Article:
Energy-impoverished, pedestrianized and mass transit-bound populaces will be squeezed from spacious suburbs into dense urban enclaves, further accelerating the catastrophic decline in birthrates and family formation and increasing reliance on government when it’s harder to get to, and therefore even get, a job.
In short, the mandates’ tenacles, like those of the Mad King’s version, will extend to all aspects of the economy and society.
In 1765, such hubris sparked, to coin a phrase, outrage – along with outsized resistance and outright rebellion. Tax refusal. Angry editorials. Mob violence, including hanging in effigy of revenue officials. Passage of the Virginia Resolves, authored by the recently elected Patrick Henry.
Taken aback by colonial fury, Parliament repealed the levies four days short of a year of their enactment. But not before the seeds of ultimate revolution were sown, including the formation of Sam Adams’ Sons of Liberty, a pivotal force in the runup to that revolt.
The reaction to King Joe’s all-out assault on liberty? A relative yawn. One news cycle of interest on conservative cable channels. A single-day binge by GOP congress-creatures of fussing, sputtering, yammering, grumbling, and threatening to block the regulations. Speculation that enraged energy giants could join red states in expanding existing lawsuits against the EPA.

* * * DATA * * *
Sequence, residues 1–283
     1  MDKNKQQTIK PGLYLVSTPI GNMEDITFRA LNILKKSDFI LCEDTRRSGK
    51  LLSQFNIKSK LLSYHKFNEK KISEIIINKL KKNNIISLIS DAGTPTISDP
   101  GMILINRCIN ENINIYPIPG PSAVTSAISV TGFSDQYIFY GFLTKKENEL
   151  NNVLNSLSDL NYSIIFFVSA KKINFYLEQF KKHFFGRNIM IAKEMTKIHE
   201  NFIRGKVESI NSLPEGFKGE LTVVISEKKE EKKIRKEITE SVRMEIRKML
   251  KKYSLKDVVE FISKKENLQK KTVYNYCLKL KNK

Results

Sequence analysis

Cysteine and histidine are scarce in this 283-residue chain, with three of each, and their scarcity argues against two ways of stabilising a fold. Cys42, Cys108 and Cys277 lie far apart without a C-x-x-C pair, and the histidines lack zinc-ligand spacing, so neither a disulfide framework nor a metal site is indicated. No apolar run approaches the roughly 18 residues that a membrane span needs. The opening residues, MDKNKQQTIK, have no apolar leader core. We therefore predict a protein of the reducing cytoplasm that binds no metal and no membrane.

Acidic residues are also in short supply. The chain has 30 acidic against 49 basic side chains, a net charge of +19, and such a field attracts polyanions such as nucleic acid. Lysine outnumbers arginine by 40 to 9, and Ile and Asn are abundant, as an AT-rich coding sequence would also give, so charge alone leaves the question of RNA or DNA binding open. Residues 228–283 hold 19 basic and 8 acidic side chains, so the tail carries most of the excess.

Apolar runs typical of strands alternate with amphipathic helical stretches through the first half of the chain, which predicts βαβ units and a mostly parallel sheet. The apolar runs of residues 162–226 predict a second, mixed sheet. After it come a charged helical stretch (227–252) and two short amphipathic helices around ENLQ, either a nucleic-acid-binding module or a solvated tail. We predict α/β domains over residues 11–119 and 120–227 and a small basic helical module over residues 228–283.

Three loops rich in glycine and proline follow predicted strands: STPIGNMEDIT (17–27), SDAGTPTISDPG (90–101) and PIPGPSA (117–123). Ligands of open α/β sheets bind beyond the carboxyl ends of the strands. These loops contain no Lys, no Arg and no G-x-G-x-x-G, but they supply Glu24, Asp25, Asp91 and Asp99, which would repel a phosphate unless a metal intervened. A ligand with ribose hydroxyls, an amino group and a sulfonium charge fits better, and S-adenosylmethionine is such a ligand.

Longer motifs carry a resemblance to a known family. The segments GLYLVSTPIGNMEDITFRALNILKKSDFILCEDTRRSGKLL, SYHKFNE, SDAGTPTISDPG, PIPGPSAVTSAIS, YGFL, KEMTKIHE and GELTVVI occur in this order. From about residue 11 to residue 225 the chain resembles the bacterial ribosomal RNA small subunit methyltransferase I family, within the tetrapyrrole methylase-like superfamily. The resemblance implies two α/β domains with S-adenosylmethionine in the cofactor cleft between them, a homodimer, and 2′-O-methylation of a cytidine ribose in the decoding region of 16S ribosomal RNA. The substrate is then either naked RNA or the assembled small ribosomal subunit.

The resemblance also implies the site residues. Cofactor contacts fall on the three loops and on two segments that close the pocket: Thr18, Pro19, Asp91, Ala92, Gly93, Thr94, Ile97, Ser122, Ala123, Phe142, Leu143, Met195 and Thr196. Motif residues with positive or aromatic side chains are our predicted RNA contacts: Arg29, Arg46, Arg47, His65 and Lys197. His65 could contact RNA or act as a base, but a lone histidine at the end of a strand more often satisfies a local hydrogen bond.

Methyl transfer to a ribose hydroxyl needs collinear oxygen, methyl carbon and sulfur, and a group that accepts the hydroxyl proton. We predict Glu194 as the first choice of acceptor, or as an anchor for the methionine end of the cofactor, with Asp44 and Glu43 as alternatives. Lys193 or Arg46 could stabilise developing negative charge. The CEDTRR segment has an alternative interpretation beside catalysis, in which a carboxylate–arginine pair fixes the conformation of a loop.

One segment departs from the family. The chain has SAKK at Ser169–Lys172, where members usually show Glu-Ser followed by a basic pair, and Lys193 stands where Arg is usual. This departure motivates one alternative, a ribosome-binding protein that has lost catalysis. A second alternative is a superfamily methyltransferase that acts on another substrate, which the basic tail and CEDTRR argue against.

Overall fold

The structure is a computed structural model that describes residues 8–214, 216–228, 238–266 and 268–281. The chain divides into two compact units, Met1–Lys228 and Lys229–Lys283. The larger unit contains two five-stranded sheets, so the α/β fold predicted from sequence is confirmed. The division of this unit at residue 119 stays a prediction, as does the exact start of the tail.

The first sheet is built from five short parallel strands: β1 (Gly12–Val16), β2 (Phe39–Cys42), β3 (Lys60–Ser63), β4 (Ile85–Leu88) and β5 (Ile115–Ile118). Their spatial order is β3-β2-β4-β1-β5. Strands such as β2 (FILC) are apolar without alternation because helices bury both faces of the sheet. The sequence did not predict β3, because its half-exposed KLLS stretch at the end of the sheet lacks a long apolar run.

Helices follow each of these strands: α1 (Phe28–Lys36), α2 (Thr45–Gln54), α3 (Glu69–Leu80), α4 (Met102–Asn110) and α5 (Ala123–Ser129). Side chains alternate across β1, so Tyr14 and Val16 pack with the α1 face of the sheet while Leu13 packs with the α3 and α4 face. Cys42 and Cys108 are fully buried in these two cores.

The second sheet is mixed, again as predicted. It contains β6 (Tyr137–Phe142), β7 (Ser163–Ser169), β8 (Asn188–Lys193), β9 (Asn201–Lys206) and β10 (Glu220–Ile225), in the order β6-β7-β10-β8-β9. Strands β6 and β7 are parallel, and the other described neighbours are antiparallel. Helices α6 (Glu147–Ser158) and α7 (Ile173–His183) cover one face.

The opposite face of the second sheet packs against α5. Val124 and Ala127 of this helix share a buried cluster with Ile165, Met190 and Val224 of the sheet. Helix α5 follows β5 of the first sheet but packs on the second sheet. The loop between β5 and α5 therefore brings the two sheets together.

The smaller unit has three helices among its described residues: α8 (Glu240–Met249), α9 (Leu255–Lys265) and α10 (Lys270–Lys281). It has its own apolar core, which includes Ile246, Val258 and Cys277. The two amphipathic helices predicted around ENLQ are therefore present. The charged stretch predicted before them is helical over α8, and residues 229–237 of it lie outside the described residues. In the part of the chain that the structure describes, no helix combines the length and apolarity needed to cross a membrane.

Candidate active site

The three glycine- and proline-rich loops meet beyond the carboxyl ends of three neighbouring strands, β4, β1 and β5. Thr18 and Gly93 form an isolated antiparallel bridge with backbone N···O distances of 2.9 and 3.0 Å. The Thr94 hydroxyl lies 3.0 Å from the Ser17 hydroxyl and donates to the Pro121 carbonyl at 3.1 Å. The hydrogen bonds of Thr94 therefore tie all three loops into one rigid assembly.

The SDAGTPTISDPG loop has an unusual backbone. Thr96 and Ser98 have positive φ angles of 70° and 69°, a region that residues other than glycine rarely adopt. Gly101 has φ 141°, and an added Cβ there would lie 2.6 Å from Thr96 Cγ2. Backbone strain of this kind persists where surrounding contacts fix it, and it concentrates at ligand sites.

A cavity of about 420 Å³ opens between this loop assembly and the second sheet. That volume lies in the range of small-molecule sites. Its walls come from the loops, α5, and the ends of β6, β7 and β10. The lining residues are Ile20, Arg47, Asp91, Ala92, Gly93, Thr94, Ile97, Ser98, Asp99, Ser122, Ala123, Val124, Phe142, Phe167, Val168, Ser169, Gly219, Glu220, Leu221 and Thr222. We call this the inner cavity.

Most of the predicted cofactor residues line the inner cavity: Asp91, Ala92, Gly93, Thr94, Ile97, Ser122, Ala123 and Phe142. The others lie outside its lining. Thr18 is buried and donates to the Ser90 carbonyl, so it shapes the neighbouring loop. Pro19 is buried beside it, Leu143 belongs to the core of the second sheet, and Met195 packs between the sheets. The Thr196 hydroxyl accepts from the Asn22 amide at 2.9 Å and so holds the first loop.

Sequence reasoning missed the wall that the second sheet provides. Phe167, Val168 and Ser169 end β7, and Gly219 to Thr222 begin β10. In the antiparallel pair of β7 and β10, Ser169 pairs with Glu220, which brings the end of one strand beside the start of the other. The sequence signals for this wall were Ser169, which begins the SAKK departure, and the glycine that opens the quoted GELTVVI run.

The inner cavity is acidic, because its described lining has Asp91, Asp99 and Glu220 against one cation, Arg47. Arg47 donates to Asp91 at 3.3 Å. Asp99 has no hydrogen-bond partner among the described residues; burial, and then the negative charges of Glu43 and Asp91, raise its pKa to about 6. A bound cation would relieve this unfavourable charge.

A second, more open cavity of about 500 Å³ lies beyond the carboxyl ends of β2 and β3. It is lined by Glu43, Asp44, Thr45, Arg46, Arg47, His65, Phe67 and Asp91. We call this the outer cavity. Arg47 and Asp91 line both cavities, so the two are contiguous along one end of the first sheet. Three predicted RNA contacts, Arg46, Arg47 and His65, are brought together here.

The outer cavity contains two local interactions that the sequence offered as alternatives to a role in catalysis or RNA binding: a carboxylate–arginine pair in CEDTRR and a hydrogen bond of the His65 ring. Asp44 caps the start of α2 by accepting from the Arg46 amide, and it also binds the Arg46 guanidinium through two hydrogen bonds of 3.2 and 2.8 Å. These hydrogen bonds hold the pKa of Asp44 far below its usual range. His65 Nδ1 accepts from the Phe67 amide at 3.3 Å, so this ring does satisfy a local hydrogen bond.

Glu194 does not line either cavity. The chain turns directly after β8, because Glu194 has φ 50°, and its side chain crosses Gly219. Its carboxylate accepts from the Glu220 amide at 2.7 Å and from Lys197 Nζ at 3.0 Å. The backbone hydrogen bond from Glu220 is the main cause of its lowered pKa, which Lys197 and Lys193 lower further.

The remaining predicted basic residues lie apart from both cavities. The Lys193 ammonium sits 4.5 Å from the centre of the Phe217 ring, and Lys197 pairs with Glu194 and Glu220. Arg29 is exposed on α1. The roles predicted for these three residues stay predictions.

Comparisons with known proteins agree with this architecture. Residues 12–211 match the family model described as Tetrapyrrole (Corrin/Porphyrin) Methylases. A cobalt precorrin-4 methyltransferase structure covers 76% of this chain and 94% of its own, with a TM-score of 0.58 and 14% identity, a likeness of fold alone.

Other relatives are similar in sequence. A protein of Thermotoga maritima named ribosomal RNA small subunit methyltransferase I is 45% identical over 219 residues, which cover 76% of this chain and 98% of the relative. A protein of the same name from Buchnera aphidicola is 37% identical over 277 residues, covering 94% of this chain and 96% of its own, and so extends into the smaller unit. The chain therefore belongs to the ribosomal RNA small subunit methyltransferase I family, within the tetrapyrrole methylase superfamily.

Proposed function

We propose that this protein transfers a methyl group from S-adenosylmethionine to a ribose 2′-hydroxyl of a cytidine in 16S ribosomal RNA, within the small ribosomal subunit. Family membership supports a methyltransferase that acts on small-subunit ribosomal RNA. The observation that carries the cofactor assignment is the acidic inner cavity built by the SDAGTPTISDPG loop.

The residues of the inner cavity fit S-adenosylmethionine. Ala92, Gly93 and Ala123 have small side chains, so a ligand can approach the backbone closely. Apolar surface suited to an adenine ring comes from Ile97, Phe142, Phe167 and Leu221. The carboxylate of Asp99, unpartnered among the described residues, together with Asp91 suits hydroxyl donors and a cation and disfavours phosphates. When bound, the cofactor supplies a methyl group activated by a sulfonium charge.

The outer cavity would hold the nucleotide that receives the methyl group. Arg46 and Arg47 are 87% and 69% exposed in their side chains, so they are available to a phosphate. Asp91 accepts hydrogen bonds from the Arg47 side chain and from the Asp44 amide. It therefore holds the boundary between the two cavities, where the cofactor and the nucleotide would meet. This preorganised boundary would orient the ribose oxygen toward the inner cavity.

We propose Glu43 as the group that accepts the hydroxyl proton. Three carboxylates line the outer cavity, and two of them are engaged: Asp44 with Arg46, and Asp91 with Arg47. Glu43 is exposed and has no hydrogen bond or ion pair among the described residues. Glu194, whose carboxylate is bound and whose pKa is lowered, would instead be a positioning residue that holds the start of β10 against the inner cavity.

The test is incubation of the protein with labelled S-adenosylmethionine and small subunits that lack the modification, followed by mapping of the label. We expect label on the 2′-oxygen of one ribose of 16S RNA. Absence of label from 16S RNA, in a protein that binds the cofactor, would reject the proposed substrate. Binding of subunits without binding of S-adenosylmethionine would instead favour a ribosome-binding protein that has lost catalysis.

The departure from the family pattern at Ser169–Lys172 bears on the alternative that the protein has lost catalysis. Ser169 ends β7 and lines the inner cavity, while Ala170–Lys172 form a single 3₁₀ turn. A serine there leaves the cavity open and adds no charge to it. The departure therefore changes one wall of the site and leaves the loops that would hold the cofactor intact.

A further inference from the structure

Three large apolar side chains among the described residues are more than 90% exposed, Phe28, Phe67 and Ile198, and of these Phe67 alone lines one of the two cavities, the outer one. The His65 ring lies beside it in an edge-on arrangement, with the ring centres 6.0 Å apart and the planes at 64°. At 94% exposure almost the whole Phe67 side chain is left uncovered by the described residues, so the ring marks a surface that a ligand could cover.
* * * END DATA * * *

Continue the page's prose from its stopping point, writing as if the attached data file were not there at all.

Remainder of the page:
And the ever-so-slight recoil by automakers’ reps referenced above, at an “aggressive by any measure” plan exceeding the Bidenites’ own previously announced “50% electrification target” – already a “stretch goal.”
Since then: mostly crickets. From lawmakers. From conservative commentators. And the automakers? Having largely pledged 100% electric fleets by 203, like the apocryphal society dame who would sleep with a fellow party guest for a million pounds but huffs at a suggested five, they’re just haggling about the price.
In contrast, progressives get the import. A CNN news analysis, aptly headlined, “Accelerating the EV revolution whether you like it or not,” made the proposal’s true purpose clear: “to remake the way car-obsessed Americans live.”
King Joe’s edict, in fact, represents one of the biggest government-imposed changes ever in Americans’ lives and liberties. And like all of his pen-and-phone overreaches, not for the better – for you.
So where are the rallies at the Capitol and outside auto headquarters? Indignant hearings? Daily cable news segments and website posts? The fight to the last for Americans’ freedoms?
Where is the outrage?
Clearly, like the favored few who will even be able to afford cars a decade hence, searching in vain for a charge.
Bob Maistros is a messaging and communications strategist, crisis specialist, and former political speechwriter. He can be reached at email@example.com.
- We’re Taking Bets: How Long Before Environmentalists Start Attacking EVs?
- Say Hello To The EPA Motor Company, Say Goodbye To Freedom
- EVs Are The Yugos Of The 21st Century
- The Electric Vehicle-Blackout Connection
- It’s Time To Admit It: EVs Are EVIL